But I must refrain myself here; one small sheet will not hold everything; and I have business matters to speak of. Sir Walter Scott has received your Medals, several months ago; not thro' me directly, for he had not returned to Edinburgh, when I left it; but thro' Mr Jeffrey, our grand “British Critic,” to whom, as I learn, Sir Walter expressed himself properly sensible of such an honour “from one of his Masters in Art.” The other medals have all been distributed, except one which I still hesitate whether to send to Mr Lockhart, or to Mr Taylor of Norwich,8 who is at present publishing Specimens of German Poetry, is a man of learning, and long ago gave a version of your Iphigenie, which, on report, I understand to be of a superior sort. Farther, at your request, I must mention that the Translator of Wallenstein is George Moir,9 a young Edinburgh Advocate, who cultivates Literature in conjunction with Jurisprudence, and promises to do well in both, being a person of clear faculty, and tho' young, without any marked deficiency or redundancy, either in talent or temper. He is a man of very small bodily stature; from which cause perhaps in part, I used to regard him rather with a sort of fondness than of pure equal friendship: he seemed to me a little polished crystal, nearly colourless for the present, but in which, at some hour, the Sun might come to be refracted and reflected in a fine play of tints. As to the Foreign Review, you may by this time have seen a long Paper entitled “Goethe,” which appears in No. III; and for which I can only ask your pardon; knowing too well that it is a poor enough affair. A far poorer one on Heyne10 is to come out shortly, in No. IV; after which I know not what, or whether anything from me, is to follow; tho' Jean Paul, Novalis, Tieck, nay Lessing and Klopstock are all still lying before me. The only thing of any moment I have written since I came hither is an Essay on Burns, for the next No. of the Edinburgh Review, which I suppose will be published in a few weeks.11 Perhaps you have never heard of this Burns: and yet he was a man of the most decisive genius; but born in the rank of a Peasant, and miserably wasted away by the complexities of his strange situation; so that all he effected was comparatively a trifle, and he died before middle age. We English, especially we Scotch, love Burns more than any oth[er] Poet we have had for centuries. It has often struck me to remark that he was born a few months only before Schiller, in the year 1759; and that neither of these two men, of whom I reckon Burns perhaps naturally even the greater, ever heard the other's name; but that they shone as stars in opposite hemispheres, the little atmosphere of the Earth intercepting their mutual light.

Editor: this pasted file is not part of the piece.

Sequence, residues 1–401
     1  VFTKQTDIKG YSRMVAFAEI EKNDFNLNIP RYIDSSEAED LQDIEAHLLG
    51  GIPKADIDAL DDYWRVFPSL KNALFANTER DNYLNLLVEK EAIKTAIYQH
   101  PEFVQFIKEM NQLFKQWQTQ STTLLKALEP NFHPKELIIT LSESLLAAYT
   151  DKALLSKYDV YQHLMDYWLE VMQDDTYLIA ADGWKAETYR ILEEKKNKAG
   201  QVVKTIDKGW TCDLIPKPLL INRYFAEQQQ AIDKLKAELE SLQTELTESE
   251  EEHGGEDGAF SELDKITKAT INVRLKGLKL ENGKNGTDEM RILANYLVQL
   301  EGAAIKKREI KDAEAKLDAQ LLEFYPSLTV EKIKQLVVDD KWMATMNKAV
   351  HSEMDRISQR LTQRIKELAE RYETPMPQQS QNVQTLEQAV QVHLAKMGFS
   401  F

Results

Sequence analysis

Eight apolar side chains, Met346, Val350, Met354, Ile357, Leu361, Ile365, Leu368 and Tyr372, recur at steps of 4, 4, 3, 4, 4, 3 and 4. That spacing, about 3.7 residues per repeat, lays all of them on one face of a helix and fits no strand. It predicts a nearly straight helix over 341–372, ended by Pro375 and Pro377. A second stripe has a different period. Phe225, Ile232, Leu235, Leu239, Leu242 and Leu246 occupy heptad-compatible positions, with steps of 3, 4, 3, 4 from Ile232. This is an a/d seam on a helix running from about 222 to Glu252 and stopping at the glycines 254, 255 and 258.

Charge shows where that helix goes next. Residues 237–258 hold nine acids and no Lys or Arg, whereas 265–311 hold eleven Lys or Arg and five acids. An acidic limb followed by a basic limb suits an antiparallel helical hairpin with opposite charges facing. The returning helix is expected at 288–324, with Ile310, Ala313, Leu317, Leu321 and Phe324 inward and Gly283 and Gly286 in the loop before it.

You inquire with such affection touching our present abode and employments, that I must say some words on that subject, while I have still space. Dumfries is a pretty town, of some 15,000 inhabitants; the Commercial and Judicial Metropolis of a considerable district on the Scottish border. Our dwelling-place is not in it; but fifteen miles (two hours riding) to the Northwest of it, among the granite mountains and black moors, which stretch westward thro' Galloway almost to the Irish Sea. This is, as it were, a green oasis in that desart of heath and rock; a piece of ploughed and partially sheltered and ornamented ground where corn ripens, and trees yield umbrage, tho' encircled on all hands by moorfowl and only the hardiest breeds of sheep. Here, by dint of great endeavour, we have pargetted and garnished for ourselves a clean substantial dwelling; and settled down, in defect of any Professorial or other official appointment, to cultivate Literature on our own resources, by way of occupation; and roses and garden-shrubs, and if possible health, and a peaceable temper of mind, to forward it. The roses are indeed still mostly to plant; but they already blossom in Hope; and we have two swift horses, which, with the mountain air, are better than all physicians for sick nerves. That exercise, which I am very fond of, is almost my sole amusement; for this is one of the most solitary spots in Britain, being six miles from any individual of the formally visiting class. It might have suited Rousseau, almost as well as his Island of St. Pierre:12 indeed I find that most of my city Friends impute to me a motive similar to his in coming hither, and predict no good from it. But I came hither purely for this one reason: That I might not have to write for bread; might not be tempted to tell lies for money. This space of Earth is our own; and we can live in it and write and think as seems best to us, tho' Zoilus13 himself should become King of Letters. And as to its solitude, a Mail Coach will any day transport us to Edinburgh, which is our British Weimar[.] Nay even at this time, I have a whole horse-load of French, German, American, English Reviews and Journals, were they of any worth, encumbering the tables of my little Library. Moreover from any of our heights I can discern a Hill, a day's journey to the eastward, where Agricola with his Romans has left a camp,14 at the foot of which I was born, where my Father and Mother are still living to love me. Time, therefore, must be left to try: but if I sink into folly, myself and not my situation will be to blame. Nevertheless I have many doubts about my future Literary activity; on all which how gladly would I take your counsel! Surely, you will write to me again, and ere long; that I may still feel myself united to you.Our best prayers for all good to you and yours are ever with you. Farewell!
Jane unites with me in affectionate respects to your Ottilie, whom in many a day-dream she and I still hope to see and know, in her Father's circle. A Brother of mine will perhaps see you in Winter, or Spring, on his way from München.
Dr Eckermann's friendly and very flattering Letter deserved a speedier reply, and shall not long want a reply, tho' now a late one. He is known to me by his writings and by report, as an able and amiable man; for whose acquaintance I should heartily thank you. Meanwhile be pleased to assure him of my regard, and purposes to express it directly. Many avocations must till now be my excuse.
Leith is still a safe place of transit for German Packages. We are but eighty miles from it; and the Messrs Parish seem to be the most courteous of Expeditors.